50 Into The Wild Quotes With Page Numbers

These Into the Wild quotes with page numbers help you find your favorite quotes in context.

Into the Wild, by Jon Krakauer, is about a young man who left everything to live in the wild. Christopher Johnson McCandless left his family and gave away his possessions to start a new life. 

Some people in the book’s reviews criticize Christopher as a whiny spoiled brat. But few people follow through on their dreams. Most people’s dreams die before they do. But Christopher died fulfilling his dream.

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Into the Wild, by Jon Krakauer, is about a young man who left everything to live in the wild. Christopher Johnson McCandless left his family and gave away his possessions to start a new life. 

Some people in the book’s reviews criticize Christopher as a whiny spoiled brat. But few people follow through on their dreams. Most people’s dreams die before they do. But Christopher died fulfilling his dream.” data-pin-id=”834221530993521720″>

Into The Wild Quotes With Page Numbers

“I now walk into the wild.”

~Jon Krakauer, Into the Wild, Pages 3, 69, 134

 

“I don’t want to know what time it is. I don’t want to know what day it is or where I am. None of that matters.”

~Jon Krakauer, Into the Wild, Page 7

 

“It was the masterful and incommunicable wisdom of eternity laughing at the futility of life and the effort of life.”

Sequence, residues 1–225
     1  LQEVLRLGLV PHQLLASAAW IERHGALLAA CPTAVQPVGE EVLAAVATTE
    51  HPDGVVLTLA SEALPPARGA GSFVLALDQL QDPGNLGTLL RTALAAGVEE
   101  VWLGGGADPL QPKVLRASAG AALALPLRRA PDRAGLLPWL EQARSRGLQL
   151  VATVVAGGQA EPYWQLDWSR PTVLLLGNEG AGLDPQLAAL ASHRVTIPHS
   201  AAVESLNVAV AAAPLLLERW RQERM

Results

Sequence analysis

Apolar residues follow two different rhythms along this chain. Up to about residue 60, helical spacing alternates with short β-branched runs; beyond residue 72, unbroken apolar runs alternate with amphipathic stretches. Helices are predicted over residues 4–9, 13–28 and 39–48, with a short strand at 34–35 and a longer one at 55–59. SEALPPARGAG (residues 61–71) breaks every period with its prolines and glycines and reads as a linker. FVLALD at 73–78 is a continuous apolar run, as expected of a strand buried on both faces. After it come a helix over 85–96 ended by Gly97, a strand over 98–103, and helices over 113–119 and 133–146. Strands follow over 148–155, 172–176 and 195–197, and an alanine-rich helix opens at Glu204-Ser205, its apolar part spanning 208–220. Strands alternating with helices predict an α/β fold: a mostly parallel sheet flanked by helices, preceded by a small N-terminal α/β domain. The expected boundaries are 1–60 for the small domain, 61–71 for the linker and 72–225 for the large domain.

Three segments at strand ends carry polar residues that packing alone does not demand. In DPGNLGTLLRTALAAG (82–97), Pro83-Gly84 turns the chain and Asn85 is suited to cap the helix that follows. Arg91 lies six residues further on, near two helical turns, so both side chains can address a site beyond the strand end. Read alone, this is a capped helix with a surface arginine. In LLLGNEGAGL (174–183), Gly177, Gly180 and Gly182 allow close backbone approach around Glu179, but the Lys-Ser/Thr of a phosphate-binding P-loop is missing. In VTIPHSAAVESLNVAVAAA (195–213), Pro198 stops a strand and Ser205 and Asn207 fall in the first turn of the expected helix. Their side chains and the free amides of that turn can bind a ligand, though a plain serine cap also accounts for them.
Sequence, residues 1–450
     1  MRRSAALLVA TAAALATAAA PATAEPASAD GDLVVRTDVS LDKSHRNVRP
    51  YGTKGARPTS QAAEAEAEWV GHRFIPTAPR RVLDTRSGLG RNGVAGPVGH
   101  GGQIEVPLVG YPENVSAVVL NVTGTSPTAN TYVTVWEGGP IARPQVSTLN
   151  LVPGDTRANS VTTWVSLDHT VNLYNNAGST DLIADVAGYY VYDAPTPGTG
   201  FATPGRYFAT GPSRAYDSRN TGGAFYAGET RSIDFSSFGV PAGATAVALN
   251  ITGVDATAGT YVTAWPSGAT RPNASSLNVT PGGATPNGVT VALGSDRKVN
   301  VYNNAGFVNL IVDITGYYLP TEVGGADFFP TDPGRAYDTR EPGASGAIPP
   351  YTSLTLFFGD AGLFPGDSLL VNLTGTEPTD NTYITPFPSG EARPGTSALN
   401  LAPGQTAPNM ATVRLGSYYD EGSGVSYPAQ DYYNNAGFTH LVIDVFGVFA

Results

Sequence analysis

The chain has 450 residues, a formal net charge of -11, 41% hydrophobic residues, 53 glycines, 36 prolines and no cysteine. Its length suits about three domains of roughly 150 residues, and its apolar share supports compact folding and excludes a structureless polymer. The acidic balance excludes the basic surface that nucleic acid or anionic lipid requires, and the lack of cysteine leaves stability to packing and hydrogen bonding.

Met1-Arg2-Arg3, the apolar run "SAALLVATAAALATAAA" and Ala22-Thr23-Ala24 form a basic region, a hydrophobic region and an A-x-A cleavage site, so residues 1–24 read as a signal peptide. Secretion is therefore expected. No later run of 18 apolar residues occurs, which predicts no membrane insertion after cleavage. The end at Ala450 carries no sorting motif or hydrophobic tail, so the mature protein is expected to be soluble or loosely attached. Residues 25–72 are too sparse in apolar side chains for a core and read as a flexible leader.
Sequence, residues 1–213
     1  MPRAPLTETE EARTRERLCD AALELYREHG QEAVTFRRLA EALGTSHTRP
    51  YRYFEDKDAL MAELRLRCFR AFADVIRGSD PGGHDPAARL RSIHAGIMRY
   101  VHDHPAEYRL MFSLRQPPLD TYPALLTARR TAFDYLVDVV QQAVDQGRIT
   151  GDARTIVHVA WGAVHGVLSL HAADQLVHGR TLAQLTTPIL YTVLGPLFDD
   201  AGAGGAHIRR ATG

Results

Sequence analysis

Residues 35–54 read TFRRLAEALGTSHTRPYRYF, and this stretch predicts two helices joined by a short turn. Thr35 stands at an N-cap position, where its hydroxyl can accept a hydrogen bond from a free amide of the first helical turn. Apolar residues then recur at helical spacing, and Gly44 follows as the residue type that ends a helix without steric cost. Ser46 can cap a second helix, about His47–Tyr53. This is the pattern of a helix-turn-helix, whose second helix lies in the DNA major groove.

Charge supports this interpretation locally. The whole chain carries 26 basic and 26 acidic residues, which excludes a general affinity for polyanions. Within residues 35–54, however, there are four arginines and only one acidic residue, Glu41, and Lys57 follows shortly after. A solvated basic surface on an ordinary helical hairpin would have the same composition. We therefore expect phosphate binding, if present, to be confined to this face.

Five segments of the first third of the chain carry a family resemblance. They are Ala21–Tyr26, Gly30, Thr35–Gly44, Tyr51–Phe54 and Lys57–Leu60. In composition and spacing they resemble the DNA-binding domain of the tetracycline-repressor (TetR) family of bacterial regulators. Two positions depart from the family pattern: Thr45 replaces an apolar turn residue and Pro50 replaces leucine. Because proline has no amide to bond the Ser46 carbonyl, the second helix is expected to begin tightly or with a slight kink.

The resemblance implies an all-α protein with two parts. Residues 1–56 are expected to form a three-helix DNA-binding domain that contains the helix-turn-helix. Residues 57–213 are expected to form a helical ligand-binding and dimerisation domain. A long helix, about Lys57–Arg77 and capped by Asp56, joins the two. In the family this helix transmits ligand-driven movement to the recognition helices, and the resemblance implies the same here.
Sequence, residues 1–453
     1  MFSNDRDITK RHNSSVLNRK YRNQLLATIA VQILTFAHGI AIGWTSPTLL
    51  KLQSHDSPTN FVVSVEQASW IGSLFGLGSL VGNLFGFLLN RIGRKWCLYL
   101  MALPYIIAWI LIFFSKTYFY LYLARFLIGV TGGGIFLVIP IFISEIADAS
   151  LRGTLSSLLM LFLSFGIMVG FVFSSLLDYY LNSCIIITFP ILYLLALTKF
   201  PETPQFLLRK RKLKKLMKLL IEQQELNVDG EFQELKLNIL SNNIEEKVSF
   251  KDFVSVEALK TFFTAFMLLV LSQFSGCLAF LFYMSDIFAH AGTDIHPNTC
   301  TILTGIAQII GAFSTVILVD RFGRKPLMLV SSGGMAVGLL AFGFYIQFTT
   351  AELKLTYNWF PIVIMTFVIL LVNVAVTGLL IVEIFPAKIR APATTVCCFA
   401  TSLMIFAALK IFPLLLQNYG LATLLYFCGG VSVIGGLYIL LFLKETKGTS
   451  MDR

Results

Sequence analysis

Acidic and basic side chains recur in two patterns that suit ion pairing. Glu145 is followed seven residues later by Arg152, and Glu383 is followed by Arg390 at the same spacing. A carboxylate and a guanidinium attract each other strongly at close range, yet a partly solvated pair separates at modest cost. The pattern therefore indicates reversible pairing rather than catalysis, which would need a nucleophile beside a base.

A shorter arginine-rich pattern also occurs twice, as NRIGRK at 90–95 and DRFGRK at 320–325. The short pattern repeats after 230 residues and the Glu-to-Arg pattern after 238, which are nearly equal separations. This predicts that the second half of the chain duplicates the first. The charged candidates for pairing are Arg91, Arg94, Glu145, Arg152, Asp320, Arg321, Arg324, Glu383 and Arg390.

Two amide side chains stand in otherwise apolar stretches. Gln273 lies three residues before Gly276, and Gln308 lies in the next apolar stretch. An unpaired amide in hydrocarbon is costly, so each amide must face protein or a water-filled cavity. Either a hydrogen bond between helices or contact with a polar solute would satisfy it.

~John Krakauer, Into the Wild, Page 9

 

“I wanted movement and not a calm course of existence. I wanted excitement and danger and the chance to sacrifice myself for my love. I felt in myself a superabundance of energy which found no outlet in our quiet life.”

~Jon Krakauer, Into the Wild, Page 15

 

“He read a lot. He used a lot of big words. I think maybe part of what got him into trouble was that he did too much thinking. Sometimes he tried too hard to make sense of the world, to figure out why people were bad to each other so often. A couple of times I tried to tell him it was a mistake to get too deep into that kind of stuff, but Alex got stuck on things. He always had to know the absolute right answer before he could go on to the next thing.”

~Jon Krakauer, Into the Wild, Page 18

 

“Sometimes he tried too hard to make sense of the world, to figure out why people were bad to each other so often.”

~Jon Krakauer, Into the Wild, Page 18

 

“I think maybe part of what got him into trouble was that he did too much thinking. Sometimes he tried too hard to make sense of the world, to figure out why people were bad to each other so often.”

~Jon Krakauer, Into the Wild, Page 18

 

“He had spent the previous four years, as he saw it, preparing to fulfill an absurd and onerous duty: to graduate from college. At long last he was unencumbered, emancipated from the stifling world of his parents and peers, a world of abstraction and security and material excess, a world in which he felt grievously cut off from the raw throb of existence.”

~Jon Krakauer, Into the Wild, Page 22

 

“The trip was to be an odyssey in the fullest sense of the word, an epic journey that would change everything.”

~Jon Krakauer, Into the Wild, Page 22

 

“At long last he was unencumbered, emancipated from the stifling world of his parents and peers, a world of abstraction and security and material excess, a world in which he felt grievously cut off from the raw throb of existence.”

~Jon Krakauer, Into the Wild, Page 22